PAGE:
Readers of this blog won’t be surprised to find out that logic and science are two different pairs of shoes.
After all, this blog catalogues the lack of logic in many scientific publications, a lack of logic which makes the conclusions of some studies invalid, i e lacking in objective truth, fairy tales or fantasy.
True, science should use a branch of logic, so called inductive logic, to come to reliable or valid conclusions about the way our world works. But science is not identical with logic.
Since God, the Creator, is known to be a passionate Being, whose essence is characterised by love, I think it is natural to wonder if God is more passionate about logic or science.
At least, I find myself wondering whether God loves logic more than science.
The difference between logic and science was highlighted by Scottish philosopher David Hume. Hume noted that logic has a special quality of necessity. It follows necessarily from the way we define certain things that a certain conclusion is always valid. For example, it follows necessarily from the way we define numbers such as 1, 2, 3, 4 and so on that 2 plus 2 always, necessarily equals 4.
The kind of knowledge that comes from using logic or reason, independently of experience or observation, is called a priori knowledge.
In science, by contrast, there is no necessity, no a priori knowledge.
Science is based on experience, on the observation of events in the world. We can observe an apple falling to the ground every single time we drop it 100 times. But there is no necessity why it should not fly upwards into the sky the next time, as Hume made clear.
It was left to Immanuel Kant to deal with the crisis in science that Hume created by highlighting the difference between logic and science, between necessity and empirical observation. Kant bridged the gap by arguing our minds are structured to perceive the world in a certain way, and this structure in our minds creates relationships and regularities.
In George Orwell’s book 1984, the totalitarian system attacks logic, objective reality, and not science. That makes me think that logic is more fundamental to human beings than science.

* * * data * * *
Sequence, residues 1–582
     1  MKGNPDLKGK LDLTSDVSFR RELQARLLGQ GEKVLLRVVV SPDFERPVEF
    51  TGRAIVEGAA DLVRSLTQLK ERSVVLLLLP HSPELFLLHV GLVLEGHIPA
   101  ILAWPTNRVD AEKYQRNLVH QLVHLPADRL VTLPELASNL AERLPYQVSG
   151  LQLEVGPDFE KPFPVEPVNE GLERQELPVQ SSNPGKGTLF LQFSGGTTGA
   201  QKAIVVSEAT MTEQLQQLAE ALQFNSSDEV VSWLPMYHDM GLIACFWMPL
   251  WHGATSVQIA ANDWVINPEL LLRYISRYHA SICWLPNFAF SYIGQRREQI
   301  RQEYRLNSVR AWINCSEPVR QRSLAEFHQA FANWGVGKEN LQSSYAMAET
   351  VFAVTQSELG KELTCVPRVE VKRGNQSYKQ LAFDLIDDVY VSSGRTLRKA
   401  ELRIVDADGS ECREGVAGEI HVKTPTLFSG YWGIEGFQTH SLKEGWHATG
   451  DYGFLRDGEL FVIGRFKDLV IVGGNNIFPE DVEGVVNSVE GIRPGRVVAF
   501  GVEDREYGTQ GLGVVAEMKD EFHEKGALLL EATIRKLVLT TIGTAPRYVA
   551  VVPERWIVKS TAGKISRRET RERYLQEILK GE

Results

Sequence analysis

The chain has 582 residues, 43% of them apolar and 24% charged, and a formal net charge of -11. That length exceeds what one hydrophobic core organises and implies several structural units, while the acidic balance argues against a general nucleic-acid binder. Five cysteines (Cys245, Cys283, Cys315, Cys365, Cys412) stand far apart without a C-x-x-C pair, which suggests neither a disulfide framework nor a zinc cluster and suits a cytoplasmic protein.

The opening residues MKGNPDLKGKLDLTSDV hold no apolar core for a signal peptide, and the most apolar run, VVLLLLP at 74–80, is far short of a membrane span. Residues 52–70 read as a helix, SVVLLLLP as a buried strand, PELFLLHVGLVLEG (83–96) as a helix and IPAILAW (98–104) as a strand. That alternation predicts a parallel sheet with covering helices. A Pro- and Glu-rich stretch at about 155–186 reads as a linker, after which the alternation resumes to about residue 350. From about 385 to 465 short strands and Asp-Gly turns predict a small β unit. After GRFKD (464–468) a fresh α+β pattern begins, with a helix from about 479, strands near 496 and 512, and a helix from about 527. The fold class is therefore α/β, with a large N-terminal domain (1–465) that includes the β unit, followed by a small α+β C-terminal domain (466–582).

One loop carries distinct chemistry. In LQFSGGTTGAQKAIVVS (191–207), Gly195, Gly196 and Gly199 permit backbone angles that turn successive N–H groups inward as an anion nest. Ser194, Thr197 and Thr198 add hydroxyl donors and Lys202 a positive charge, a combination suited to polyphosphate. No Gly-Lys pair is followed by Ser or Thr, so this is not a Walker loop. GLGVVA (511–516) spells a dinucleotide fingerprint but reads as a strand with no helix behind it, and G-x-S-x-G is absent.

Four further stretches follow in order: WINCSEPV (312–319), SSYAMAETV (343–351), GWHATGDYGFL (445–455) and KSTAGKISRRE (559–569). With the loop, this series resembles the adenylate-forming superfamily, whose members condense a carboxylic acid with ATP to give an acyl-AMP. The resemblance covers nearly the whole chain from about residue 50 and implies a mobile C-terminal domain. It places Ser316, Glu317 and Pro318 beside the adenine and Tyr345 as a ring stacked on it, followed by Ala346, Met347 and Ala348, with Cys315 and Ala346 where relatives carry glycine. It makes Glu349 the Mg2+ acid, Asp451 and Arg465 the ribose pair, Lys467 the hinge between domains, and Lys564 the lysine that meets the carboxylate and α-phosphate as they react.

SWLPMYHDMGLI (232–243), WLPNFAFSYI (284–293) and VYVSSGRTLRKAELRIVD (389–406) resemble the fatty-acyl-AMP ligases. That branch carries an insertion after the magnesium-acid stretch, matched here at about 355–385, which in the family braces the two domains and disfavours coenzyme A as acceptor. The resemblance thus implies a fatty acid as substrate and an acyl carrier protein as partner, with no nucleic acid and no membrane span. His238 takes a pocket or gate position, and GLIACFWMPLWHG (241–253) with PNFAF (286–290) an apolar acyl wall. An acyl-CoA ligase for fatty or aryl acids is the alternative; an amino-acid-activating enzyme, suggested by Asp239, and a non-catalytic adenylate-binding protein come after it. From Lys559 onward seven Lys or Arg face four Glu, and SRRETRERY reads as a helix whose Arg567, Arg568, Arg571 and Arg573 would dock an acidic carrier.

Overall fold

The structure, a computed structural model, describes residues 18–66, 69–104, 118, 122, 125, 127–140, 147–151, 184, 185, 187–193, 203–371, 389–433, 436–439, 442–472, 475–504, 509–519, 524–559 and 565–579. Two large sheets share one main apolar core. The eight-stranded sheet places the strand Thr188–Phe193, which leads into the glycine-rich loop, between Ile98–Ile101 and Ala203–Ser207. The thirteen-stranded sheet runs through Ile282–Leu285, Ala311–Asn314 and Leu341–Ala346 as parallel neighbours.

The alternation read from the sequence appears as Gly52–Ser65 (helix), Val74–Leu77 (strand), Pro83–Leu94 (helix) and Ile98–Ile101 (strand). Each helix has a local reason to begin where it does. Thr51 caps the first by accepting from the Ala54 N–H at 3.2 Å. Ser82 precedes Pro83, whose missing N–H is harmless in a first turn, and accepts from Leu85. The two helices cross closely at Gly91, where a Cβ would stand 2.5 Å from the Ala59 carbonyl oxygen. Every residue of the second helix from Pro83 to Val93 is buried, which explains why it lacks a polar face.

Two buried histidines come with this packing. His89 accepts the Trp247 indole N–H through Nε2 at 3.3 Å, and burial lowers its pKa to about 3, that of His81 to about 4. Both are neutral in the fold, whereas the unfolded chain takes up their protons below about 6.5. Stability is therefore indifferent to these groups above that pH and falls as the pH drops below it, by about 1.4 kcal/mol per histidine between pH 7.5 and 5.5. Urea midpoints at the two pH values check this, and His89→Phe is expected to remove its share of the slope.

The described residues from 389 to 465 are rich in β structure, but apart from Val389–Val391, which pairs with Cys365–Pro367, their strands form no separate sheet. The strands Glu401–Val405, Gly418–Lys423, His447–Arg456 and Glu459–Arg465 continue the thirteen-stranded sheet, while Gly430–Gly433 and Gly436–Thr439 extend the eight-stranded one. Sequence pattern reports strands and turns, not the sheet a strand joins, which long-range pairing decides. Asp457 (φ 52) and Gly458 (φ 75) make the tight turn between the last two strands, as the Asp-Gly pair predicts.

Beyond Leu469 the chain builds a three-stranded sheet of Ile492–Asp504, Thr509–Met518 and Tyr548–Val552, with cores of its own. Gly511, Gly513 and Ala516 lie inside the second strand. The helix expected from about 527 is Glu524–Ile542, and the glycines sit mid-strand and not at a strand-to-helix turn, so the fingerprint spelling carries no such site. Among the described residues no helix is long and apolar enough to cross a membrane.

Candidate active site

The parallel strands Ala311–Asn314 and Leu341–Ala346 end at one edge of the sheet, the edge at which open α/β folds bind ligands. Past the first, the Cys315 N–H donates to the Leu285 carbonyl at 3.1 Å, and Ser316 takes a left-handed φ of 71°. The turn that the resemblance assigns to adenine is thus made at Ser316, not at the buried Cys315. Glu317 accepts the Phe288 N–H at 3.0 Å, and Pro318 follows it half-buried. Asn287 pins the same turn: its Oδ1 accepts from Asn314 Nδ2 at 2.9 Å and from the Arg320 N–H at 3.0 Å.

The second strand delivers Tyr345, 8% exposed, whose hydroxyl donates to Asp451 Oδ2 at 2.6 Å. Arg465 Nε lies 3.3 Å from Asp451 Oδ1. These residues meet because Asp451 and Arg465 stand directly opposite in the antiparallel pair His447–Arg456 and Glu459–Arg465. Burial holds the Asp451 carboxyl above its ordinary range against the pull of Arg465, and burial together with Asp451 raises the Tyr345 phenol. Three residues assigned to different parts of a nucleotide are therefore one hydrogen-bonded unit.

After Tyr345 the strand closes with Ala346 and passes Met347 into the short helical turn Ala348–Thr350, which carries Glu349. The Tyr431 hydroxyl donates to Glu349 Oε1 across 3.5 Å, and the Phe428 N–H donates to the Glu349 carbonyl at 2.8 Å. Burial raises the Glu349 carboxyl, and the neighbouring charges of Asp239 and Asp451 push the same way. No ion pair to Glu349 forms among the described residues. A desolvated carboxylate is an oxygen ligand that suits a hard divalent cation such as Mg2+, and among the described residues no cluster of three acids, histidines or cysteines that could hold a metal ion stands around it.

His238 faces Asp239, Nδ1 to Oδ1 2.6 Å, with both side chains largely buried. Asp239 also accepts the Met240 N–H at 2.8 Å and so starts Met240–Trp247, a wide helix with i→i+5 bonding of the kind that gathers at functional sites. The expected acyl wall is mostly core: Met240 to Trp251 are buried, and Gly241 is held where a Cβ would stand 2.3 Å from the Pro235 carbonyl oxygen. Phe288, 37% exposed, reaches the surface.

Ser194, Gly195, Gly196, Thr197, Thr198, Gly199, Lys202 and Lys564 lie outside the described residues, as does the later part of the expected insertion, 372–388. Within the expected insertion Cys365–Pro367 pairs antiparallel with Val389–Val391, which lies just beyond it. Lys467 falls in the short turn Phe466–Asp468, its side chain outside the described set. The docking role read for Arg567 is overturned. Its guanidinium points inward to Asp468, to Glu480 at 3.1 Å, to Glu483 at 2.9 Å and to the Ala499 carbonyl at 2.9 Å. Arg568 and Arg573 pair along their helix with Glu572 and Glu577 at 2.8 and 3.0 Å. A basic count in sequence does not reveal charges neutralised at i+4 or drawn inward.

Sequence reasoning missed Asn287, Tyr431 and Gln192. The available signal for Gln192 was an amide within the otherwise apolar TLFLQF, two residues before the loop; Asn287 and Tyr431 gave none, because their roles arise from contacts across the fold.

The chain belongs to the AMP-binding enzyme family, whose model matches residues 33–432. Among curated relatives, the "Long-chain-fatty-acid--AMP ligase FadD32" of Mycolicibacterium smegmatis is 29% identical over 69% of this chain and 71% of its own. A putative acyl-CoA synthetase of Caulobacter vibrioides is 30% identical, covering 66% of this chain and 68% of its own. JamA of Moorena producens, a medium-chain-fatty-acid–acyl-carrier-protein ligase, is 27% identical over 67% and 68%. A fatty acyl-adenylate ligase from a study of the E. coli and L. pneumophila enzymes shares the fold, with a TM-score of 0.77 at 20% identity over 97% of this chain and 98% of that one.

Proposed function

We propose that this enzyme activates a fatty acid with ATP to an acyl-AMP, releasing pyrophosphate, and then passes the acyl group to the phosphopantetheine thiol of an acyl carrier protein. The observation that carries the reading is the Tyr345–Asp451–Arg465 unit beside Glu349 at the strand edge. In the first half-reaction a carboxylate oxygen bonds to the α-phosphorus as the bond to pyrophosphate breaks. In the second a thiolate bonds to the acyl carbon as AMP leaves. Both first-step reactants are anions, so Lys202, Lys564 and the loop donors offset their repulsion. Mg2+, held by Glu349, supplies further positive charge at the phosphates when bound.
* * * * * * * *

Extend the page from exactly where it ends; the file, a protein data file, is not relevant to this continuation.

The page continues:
“Freedom is the freedom to say that two plus two make four. If that is granted, all else follows,” writes the main character Winston Smith.
O’Brien tortures Winston Smith until he renounces logic. Winston is tortured until he accepts that two plus two equals five, or whatever the Party says.
“You believe reality is something objective,” says O’Brien to Winston, but “reality …only in the mind of the Party…Whatever the Party holds to be truth is truth.”
When Winston is called to renounce logic, the implication is that logic belongs to our soul. It belongs to life, love, justice and goodness. Logic and its renunciation opens the door to the ultimate evil, to lies, violence, misery.
In ‘Looking Back on the Spanish War’ Orwell wrote a totalitarian regime would be:
“…a nightmare world in which the Leader or some ruling clique, controls not only the future but the past. If the Leader says of such and such event, ‘It never happened’ – well, it never happened. If he says that two and two are five – well, two and two are five”.
Logic is not the same as science and it is not the same as bureaucracy either, another 20 th century phenomena.
The aim of bureaucracy is to order and classify things, not to disover the truth. There is no necessary, organic relationship between the things bureaucracy orders and classifies.
That is why the growth of bureaucracy in the 20st century has led to the dimnishment of justice.
Evidence and truth is essential to justice. But in a bureaucracy, evidence becomes a file with a number. And that file number can be manipulated.
The trial of Antigone might never have happened in our time. Antigone is accused of performing a specific action in Sophocles’s play. The debate revolves around whether natural law takes precedence over state laws.
In a mock trial of Antigone conducted by some of the USA’s top lawyers last month, Antigone was found not guilty.
In the 21st century, more likely is that Antigone wouldnever have known what she was accused of because the original accusation can be so distorted through the manipulation of files a bureaucratic system. Unable to know what she is accused of, she will unable to answer the accusation and will inevitably be condemned.
In logic and justice, consistency is important. In bureaucracy, consistency in file numbers can hide inconsistency or jumps or the disappearance of evidence.
The result can be a total perversion of justice as portrayed in Kafka’s The Trial or Der Prozess.
To conclude, I believe God loves logic more than science and justice more than bureaucracy.
What do you think?